responsible for being where you were when the event happened to you.

        I don't think Sartre ever said or implied that you are not
        accountable for your well-being or that you have no right to make
        other choices in any situation you're in (such as attack, calling
        police, etc). As you properly said above, Sartre says 'you should
        not hide from *your responsibility* on account of other's
        actions'...he did not say you should stop being responsible for
        yourself.

        >> How can I
        >>accept responsibility for the attack of someone whose actions lie
        >>outside the realm of my control?

        Accepting responsibility means for the choice you made to be
        there...it doesn't mean the other parties aren't responsible for
        their choices as well. (and it doesn't mean you can no longer make
        choices about the situation....)

        >>Remember that Sartre believes that
        >>we are the authors, or creators, or our worlds. Our world is the way
        >>it is because we have created it. If crazed people are running around
        >>attacking people in our world, then if we don't like it, we have the
        >>responsibility of creating a world in which this is not the case.

        Of course (to the extent that we can make choices....). For example,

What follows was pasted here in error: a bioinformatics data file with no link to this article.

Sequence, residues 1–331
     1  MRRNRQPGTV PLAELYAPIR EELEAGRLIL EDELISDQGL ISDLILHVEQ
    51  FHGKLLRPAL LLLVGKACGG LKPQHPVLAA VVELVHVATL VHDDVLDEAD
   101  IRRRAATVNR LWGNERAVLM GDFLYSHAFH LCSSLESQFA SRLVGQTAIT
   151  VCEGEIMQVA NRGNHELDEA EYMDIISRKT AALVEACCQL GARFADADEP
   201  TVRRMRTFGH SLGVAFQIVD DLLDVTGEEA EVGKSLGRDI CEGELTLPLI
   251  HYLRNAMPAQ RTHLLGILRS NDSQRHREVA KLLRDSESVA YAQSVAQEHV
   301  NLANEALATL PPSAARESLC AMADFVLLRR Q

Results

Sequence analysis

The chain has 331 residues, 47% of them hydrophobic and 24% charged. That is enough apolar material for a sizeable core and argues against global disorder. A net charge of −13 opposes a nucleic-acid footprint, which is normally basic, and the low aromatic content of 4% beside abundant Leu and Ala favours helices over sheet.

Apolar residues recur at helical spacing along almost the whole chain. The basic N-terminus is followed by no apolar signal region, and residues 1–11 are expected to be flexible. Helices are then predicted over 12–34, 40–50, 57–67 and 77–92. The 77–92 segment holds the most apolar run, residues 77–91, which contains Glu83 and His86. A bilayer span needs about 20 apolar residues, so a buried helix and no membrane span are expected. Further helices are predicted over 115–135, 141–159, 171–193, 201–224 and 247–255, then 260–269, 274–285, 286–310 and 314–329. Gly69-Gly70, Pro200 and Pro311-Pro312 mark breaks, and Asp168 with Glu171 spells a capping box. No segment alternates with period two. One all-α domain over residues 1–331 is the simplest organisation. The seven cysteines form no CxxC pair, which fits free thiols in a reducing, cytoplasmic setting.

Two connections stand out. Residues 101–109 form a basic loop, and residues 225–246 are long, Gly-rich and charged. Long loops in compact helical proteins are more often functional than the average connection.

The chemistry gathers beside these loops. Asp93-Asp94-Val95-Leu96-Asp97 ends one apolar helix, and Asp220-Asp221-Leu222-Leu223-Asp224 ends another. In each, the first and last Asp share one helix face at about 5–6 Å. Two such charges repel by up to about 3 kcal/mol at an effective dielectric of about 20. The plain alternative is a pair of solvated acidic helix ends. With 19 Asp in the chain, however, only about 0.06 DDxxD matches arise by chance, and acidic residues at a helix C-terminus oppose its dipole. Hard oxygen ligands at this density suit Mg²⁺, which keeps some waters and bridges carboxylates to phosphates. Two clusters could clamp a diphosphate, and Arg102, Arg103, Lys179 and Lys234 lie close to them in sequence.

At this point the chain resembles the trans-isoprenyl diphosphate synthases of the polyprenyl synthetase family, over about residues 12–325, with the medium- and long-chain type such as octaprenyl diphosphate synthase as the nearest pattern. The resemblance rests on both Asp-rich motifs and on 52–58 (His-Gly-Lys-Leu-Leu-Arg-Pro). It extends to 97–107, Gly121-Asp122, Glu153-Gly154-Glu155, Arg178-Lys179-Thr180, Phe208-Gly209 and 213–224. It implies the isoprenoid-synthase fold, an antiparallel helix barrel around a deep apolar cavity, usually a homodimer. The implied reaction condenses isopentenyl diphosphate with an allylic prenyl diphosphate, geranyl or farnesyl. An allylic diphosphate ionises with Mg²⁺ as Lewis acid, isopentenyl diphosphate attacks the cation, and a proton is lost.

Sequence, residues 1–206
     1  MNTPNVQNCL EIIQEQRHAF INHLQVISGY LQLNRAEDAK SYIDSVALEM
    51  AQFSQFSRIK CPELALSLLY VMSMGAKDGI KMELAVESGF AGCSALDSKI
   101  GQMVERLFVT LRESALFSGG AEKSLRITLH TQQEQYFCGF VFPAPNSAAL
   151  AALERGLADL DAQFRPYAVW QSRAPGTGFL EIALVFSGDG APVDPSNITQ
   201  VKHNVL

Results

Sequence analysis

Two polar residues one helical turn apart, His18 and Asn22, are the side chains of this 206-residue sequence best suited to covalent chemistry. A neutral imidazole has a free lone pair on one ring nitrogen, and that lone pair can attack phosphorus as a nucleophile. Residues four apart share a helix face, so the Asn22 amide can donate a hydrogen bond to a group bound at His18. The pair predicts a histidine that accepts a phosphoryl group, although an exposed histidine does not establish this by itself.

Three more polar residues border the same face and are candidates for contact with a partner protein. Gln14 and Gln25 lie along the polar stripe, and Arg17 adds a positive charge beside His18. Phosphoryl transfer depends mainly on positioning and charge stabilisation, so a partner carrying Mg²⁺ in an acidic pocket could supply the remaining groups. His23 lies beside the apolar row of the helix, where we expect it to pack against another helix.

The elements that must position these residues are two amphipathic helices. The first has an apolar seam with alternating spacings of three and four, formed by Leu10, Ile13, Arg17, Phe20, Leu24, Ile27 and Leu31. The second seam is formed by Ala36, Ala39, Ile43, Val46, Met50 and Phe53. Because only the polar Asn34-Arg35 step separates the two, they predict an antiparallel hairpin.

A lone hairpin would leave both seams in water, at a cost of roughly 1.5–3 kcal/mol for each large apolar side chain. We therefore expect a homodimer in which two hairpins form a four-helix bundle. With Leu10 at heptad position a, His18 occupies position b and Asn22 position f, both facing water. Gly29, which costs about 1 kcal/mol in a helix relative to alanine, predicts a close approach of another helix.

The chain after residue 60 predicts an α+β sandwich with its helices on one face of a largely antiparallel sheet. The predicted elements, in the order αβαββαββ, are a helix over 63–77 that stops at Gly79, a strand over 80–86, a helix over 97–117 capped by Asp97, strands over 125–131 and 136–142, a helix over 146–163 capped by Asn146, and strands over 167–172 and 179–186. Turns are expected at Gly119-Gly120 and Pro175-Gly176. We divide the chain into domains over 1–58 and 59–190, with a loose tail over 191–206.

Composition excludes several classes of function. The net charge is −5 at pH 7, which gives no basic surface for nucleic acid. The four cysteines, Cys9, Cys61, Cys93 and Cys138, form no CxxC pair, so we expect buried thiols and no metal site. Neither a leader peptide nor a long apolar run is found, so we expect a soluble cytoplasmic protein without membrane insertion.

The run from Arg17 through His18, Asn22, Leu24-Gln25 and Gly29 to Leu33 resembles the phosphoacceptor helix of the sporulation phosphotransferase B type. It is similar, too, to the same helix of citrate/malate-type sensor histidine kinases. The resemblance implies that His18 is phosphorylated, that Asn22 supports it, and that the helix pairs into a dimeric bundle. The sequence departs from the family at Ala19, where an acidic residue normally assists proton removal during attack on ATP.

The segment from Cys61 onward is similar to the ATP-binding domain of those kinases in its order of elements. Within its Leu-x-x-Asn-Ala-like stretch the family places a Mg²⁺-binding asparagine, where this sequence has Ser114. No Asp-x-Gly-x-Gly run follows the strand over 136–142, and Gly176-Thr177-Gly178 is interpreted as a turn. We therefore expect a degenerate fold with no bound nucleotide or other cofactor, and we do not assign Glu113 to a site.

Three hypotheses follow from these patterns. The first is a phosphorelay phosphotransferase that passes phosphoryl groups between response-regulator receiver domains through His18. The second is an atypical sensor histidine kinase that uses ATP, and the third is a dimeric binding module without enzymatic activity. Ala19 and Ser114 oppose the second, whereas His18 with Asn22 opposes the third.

suppose murderers get out on parole early and kill again...aren't we
        all responsible for the laws we have that allow that to happen?...I
        should think so.

        >>Wow! That is indeed an "overwhelming" responsibility!

        Sure is...cause what you choose for yourself you chose for the world.

        >>I don't know
        >>about you, but if Sartre is right, then I do indeed feel a sense of
        >>dread causing me to feel sick to my stomach.

        "Angst" is the word for existential anguish....the burden of being.

        >>Sartre further states that if our world has crazed people in it that
        >>are attacking and molesting others, then it is not something that
        >>simply happens, but it is a result of our free choice. It is the
        >>result of our "freedom"! What do you think Sartre means by this? How
        >>does this make you feel? Do you like this type of freedom? Explain.